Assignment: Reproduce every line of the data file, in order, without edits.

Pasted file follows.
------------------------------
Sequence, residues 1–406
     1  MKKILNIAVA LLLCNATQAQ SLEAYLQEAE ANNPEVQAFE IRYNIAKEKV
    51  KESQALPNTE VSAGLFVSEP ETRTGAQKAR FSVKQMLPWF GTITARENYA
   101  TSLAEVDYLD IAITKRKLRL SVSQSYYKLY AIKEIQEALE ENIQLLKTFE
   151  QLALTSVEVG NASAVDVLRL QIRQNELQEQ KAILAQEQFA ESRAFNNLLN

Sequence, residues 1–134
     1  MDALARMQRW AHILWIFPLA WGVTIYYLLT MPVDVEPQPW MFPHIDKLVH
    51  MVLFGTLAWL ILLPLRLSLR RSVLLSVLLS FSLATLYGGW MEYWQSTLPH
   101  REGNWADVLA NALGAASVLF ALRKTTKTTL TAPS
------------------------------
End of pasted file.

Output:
Sequence, residues 1–406
     1  MKKILNIAVA LLLCNATQAQ SLEAYLQEAE ANNPEVQAFE IRYNIAKEKV
    51  KESQALPNTE VSAGLFVSEP ETRTGAQKAR FSVKQMLPWF GTITARENYA
   101  TSLAEVDYLD IAITKRKLRL SVSQSYYKLY AIKEIQEALE ENIQLLKTFE
   151  QLALTSVEVG NASAVDVLRL QIRQNELQEQ KAILAQEQFA ESRAFNNLLN

Sequence, residues 1–134
     1  MDALARMQRW AHILWIFPLA WGVTIYYLLT MPVDVEPQPW MFPHIDKLVH
    51  MVLFGTLAWL ILLPLRLSLR RSVLLSVLLS FSLATLYGGW MEYWQSTLPH
   101  REGNWADVLA NALGAASVLF ALRKTTKTTL TAPS